Olympus Has Fallen opens with lead presidential bodyguard Mike Banning (Gerard Butler) watching over the Commander in Chief Benjamin Asher (Aaron Eckhart), the first lady (Ashley Judd), and their son Connor (Finley Jacobsen) on a family vacation at Camp David. Tragedy strikes after a freak car accident on the icy roads leaves President Asher a widower and Connor without a mother. Eighteen month’s later, Banning has been demoted to security of the Treasury Department when tragedy strikes again; this time in a terrorist attack.
Led by a steely, clean cut anti-American by the name of Chang (played by Rick Yune who basically did the same in Die Another Day) and a band of North Korean Rebels, American soil is not only attacked, but the White House is infiltrated and taken over. Banning, in near proximity, is the only person to survive the ambush and sneak into the newly enemy occupied territory. With radio contact to the U.S. War Room that includes Morgan Freeman playing Speaker of the House Alan Trumbull and now acting as president, Banning must save Pres. Asher and the other surviving detainees, including fantastically over-dramatic Melissa Leo as the Secretary of Defense, and stop Chang and foreign baddies the only way he knows how- with pain.
The glee I had during and after watching Olympus Has Fallen is fiercely palpable, and now all I want to do is sing its praises. Training Day director Antoine Fuqua celebrates the ‘one man against all odds’ that the 80’s and 90’s R-rated action flicks had in spades. Original-smariginal- Olympus Has Fallen is “Die Hard” in the White House, and it felt so good. It’s like Under Siege and Air Force One had a baby, and that baby grew up on a steady diet of bullet-laced dynamite and snarky catch phrases- yeah, it’s just like that.
Going into the movie, I wondered why the filmmakers went with a R rating instead of the all more public going-inclusive and generally better money-making PG-13. It’s because they wanted to give me my man card back. I not only got it back, but they gave me a spare for when I lose it watching Stephenie Meyer’s The Host next week.
You can tell Fuqua has a love for the high adrenaline genre, getting just about every detail right, which includes the ridiculous ones. A man looking for redemption and getting it with the fate of national security on the line?!?!- yes, please. Saturated in good ol’ fashion patriotism (a slow motion shot of a falling, bullet-ridden American flag against the blood orange dusk sky is over the top marvelous). Light on plot and highly implausible at that, Fuqua keeps his attention on the action, making for a very swift, incredibly tense, and surprisingly exciting thriller. Oh, and did I mention that the climax’s outcome rests on a countdown timer?!?!- yes, please.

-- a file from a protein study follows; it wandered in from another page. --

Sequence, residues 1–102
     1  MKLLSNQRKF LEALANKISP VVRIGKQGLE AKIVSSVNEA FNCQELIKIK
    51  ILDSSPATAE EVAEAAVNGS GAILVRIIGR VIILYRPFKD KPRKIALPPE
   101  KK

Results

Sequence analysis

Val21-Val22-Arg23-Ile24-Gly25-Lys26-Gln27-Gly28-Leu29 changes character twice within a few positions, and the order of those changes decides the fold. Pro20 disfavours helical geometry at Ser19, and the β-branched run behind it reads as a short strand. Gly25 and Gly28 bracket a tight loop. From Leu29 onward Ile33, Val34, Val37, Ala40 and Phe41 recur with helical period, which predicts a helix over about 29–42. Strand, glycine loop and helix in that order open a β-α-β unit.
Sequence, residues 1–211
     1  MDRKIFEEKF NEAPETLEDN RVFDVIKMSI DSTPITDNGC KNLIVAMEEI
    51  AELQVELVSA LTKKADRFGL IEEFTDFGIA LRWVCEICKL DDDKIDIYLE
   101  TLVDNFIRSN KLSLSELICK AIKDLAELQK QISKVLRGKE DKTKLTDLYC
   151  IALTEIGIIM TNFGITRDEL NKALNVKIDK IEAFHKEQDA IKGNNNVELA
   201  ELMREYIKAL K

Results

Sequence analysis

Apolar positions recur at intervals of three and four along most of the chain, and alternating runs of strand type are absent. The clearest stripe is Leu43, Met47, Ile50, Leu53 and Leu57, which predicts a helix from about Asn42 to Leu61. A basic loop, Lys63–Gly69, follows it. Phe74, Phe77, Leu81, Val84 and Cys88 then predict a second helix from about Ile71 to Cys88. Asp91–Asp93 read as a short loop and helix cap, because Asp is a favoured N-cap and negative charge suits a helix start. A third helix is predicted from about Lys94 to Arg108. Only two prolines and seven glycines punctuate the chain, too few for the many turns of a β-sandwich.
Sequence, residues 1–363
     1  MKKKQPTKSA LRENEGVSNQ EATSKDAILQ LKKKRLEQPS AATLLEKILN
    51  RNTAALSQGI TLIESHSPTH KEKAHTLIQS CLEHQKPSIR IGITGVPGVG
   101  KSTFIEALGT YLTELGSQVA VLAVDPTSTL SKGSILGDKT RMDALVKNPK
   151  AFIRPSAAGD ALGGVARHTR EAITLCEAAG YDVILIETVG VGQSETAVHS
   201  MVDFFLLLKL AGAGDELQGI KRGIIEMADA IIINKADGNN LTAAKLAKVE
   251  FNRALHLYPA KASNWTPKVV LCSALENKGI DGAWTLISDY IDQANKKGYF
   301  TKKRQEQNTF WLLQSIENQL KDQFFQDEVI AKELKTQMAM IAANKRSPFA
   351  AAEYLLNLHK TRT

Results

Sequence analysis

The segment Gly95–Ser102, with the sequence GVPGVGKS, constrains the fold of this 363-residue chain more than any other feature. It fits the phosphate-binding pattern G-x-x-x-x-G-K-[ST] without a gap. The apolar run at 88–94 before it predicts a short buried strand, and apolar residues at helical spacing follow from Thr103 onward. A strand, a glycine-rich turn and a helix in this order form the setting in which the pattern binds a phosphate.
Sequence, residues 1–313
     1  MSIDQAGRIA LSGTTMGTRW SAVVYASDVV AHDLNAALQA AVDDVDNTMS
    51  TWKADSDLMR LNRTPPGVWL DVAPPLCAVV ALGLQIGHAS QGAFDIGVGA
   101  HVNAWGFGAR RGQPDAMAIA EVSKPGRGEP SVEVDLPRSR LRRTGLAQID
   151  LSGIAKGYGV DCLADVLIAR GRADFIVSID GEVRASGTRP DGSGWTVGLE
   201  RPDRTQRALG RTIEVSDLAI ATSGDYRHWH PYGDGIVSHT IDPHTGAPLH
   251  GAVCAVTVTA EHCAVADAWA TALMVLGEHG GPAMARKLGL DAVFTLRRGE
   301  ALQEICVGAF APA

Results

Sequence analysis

Fuqua doesn’t let this become just an Expendables wannabe. As implausible as it gets, the terrorist attack can’t help but elicit a 9/11 comparison, especially as the Washington Monument’s destruction falls on American civilians. The intensity of Fuqua’s direction never allows these scenes to turn into exploitation, but gives us the “enough time has passed” courage to enjoy such popcorn fodder- popcorn fodder to be repeated later this summer with Channing Tatum and Jamie Foxx in White House Down.
I was not a Gerard Butler fan, and then I saw him in this. Taking a break from his droll romantic comedies, Butler kicks butt and takes names and then uses those names to call attention to those whom he plans to put a knife in their head. Perfectly intense, but at the same never letting a good line pass him by, like the- “Lets play a game of F*#k off. You go first”, Butler’s Banning awesomely unleashes on the lead villain.
I just want to follow Butler’s Mike Banning as he keeps getting into sticky situations and saves other things that have fallen, and then in 20 years after the series has totalled 6, I’ll lose interest when Mike is forced to chase after his son, a character who’s oddly just being introduced now after all those years, and Mike gets sadly turned into someone he’s not by a silly director with a silly script. Not that that would ever happen, right?
I wish Olympus Has Fallen would have gotten the same budget as White House Down. The CGI is definitely spotty, just being a notch above some video games, but what the CGI lacked in effect Gerard Butler’s muscles didn’t.
Olympus is a ridiculously entertaining film of the highest guilty pleasure order.
Take a Drink: for every person shot in the head.
Take a Drink: for every person Banning does hand to hand combat with.
Take a Drink: every time Banning says the ‘F’ word.
Down a Shot: when the Pledge of Allegiance is started.